In fiscally straitened times, operators are also looking to get more bang for their buck. According to Scholz, they can expect to achieve savings of approximately $2.6 million a year under a standard operating profile of 4,500 hours a year. In addition, he claims the FlexEfficiency 50 can confer annual fuel savings of 6.4 million cubic metres of natural gas - equivalent to more than 4,000 EU households.

"There are a number of cost advantages," states Scholz. "For instance, in the past, risk-averse operators used to turn down or part-load a combined-cycle plant because of lengthier start-up times. With the FlexEfficiency 50, you have a highly reliable plant that can start up in under 30 minutes, which can take place after an overnight shutdown. Operators know that they are not losing money anymore through part-loading or leaving the plant at a low-load level, where it's less efficient."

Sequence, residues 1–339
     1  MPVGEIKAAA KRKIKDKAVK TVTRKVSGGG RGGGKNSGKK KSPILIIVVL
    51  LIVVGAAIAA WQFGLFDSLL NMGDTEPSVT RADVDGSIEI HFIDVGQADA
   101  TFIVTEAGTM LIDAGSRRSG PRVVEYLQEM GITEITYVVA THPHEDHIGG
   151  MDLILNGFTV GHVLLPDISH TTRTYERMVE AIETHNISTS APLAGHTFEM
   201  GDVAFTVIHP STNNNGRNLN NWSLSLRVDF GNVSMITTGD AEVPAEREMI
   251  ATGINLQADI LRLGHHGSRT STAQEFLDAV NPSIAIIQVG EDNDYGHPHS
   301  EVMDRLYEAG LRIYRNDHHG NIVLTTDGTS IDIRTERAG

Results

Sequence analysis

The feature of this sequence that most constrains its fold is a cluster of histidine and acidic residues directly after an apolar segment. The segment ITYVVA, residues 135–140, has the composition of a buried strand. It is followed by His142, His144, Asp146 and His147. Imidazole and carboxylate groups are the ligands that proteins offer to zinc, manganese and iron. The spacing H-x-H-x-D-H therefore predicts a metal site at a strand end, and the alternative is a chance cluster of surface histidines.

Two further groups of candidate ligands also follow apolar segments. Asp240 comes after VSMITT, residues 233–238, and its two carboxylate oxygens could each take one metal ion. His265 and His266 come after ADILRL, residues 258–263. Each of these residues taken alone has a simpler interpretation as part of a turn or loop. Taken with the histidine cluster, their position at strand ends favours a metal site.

Off the grid - for now

Despite there being no plant yet in commercial operation, FlexEfficiency 50 and the 9HA turbine have certainly generated considerable interest across the industry.

The flurry of tests that have taken place, some of which have been carried out in front of the world's media and regulators, at GE's state-of-the-art full-load testing facility in Greenville, South Carolina, US, are likely to have assuaged any doubts that may have arisen concerning the group's much-vaunted product.

As well as trialling the turbine at full capacity in a range of real conditions, the plant - born out of an investment worth $170 million - can also be put through its paces beyond normal operating parameters due to the testing facility not being connected to the grid.